The sharp and buoyant story that Bourgeois-Tacquet builds around its namesake isn’t particularly interested in teaching Anaïs how to do that; prescriptive thinking and linear emotional arcs would be at odds with a winsome smile of a film that moves at the speed of thought, and often with the same impulsiveness. Instead, “Anaïs in Love” skips forward in typical Rohmerian fashion, squeezing a four-hour film into a tight 93 minutes as Anaïs frantically tries to rescue whatever possibilities she can from an impossible situation.

Noé Bach’s supple cinematography burnishes Demoustier’s wild shimmer of a performance with the glow of a languid summer evening, while title cards slice the action into self-contained slivers of time in a way that allows the movie to feel as though it’s been filtered through Anaïs’ selective tunnel-vision. If her solipsism occasionally skids towards overwritten cliché (“I don’t want to meet interesting people,” she groans, “I want to be interesting”), Demoustier manages to find the truth in that even when the character she’s playing can’t hear it.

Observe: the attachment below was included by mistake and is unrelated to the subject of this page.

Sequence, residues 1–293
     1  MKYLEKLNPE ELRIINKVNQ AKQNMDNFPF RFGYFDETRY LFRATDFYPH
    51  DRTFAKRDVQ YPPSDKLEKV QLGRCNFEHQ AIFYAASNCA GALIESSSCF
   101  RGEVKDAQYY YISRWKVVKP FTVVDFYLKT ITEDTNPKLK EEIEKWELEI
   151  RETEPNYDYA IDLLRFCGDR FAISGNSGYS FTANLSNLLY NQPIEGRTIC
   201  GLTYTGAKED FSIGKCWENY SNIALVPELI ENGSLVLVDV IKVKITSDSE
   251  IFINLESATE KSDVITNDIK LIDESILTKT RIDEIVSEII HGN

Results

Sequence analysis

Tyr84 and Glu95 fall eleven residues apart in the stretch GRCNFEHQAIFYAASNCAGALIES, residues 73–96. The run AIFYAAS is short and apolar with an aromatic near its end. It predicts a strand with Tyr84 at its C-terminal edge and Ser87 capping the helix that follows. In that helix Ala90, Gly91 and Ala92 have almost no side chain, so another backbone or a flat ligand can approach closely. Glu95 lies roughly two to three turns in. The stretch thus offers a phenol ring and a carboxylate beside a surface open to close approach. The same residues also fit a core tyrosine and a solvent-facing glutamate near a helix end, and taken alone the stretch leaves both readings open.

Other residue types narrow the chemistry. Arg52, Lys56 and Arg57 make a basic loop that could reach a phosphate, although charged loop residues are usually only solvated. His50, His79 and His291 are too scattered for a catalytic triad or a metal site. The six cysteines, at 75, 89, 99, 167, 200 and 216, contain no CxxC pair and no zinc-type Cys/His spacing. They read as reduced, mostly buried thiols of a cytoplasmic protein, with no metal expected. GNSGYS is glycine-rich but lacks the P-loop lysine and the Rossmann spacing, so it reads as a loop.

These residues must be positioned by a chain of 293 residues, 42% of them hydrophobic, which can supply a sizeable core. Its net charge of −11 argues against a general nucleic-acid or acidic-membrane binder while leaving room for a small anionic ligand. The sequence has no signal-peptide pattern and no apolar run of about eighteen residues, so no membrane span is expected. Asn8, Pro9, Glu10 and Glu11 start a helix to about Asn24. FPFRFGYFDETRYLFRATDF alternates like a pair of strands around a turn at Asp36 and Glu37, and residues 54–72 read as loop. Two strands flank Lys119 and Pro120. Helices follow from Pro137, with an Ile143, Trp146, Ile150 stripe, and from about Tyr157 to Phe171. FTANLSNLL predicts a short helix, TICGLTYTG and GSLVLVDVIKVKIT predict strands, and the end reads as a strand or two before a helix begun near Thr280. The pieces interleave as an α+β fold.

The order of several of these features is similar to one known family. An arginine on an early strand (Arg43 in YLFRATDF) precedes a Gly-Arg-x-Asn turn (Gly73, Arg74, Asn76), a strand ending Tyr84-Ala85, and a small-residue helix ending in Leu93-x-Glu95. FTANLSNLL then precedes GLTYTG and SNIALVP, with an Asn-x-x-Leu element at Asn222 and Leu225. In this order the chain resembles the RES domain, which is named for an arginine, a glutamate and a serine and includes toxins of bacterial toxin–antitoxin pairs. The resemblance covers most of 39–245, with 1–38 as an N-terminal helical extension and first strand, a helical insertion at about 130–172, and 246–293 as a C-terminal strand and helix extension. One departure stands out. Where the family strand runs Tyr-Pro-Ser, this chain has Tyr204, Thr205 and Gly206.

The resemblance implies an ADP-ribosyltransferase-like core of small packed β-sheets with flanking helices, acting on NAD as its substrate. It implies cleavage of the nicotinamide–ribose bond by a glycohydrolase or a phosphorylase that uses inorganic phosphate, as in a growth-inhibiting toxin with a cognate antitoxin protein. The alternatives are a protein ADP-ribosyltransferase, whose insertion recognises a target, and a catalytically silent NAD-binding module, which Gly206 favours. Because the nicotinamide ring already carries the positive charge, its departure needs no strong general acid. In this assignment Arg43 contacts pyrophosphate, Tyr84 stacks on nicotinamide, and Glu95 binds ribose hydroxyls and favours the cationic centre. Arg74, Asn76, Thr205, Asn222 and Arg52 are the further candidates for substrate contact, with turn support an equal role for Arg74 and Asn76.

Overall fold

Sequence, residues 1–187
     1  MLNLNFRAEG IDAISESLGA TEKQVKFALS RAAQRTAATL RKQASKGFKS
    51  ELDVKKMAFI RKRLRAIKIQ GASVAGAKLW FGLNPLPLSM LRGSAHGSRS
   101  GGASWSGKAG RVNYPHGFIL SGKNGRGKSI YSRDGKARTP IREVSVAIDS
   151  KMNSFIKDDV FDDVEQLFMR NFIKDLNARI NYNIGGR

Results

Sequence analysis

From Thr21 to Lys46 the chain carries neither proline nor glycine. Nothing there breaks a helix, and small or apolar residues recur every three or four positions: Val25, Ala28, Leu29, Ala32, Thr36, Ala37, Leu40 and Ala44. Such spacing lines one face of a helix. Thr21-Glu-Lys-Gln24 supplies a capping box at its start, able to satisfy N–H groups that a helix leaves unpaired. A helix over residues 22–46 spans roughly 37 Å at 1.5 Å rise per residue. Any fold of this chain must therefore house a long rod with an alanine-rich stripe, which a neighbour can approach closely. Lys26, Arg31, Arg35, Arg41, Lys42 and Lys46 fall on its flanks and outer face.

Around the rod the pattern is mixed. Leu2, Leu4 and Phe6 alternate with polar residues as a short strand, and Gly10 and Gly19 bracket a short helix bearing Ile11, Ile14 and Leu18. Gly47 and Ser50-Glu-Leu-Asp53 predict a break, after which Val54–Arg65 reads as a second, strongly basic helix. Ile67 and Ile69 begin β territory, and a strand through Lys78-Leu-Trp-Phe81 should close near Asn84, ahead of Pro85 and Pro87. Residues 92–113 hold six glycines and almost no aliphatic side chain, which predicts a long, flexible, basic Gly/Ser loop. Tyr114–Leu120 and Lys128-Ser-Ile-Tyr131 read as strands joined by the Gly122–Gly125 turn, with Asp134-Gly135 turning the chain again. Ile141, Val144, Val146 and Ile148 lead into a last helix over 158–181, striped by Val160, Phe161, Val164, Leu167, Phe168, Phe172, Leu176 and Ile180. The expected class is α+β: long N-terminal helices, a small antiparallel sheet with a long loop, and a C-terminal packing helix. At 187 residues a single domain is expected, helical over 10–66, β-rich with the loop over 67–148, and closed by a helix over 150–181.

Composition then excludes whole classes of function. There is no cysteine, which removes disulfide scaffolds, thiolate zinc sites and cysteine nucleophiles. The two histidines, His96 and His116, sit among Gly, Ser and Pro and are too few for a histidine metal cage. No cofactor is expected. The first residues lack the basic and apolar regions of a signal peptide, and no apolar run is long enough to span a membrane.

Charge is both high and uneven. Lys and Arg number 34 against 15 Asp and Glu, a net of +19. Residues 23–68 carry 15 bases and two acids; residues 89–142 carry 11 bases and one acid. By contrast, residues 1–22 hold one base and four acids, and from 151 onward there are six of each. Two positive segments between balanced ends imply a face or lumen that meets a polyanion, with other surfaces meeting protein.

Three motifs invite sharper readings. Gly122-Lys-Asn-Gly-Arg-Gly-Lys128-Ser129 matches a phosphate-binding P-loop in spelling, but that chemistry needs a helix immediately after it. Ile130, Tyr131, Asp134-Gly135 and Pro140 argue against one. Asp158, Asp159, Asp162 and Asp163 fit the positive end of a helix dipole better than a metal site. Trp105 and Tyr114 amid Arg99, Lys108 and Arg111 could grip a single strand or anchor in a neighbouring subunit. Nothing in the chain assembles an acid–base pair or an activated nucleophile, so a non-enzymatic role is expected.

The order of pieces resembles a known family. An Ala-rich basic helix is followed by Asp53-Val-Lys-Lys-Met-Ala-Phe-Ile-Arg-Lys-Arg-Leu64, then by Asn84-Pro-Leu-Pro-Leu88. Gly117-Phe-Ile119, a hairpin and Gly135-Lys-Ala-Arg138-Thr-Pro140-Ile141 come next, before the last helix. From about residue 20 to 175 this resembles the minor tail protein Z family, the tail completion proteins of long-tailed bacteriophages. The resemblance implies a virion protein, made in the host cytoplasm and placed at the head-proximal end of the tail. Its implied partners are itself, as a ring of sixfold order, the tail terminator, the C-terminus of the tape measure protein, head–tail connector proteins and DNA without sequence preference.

Anaïs would be insufferable to know, but she’s arresting to watch, and it’s perfectly understandable why even the most even-keeled men — and women — who blow into her path find it so hard to look away. They project themselves through Anaïs in a way that she refuses to project herself through them (a dynamic made literal in a delightful scene where Anaïs, Emilie, and her husband attend a screening of John Cassavetes’ “Opening Night”), and it makes for some warm and salty flirtations that gradually back into real stakes as if by accident. Anaïs isn’t so different in the wonderfully surprising last shot than she is in the first, but at last we can see that she’s having the time of her life.

Grade: B+

A Magnolia Pictures release, “Anaïs in Love” is now playing in theaters, and will be available on VOD on Friday, May 6.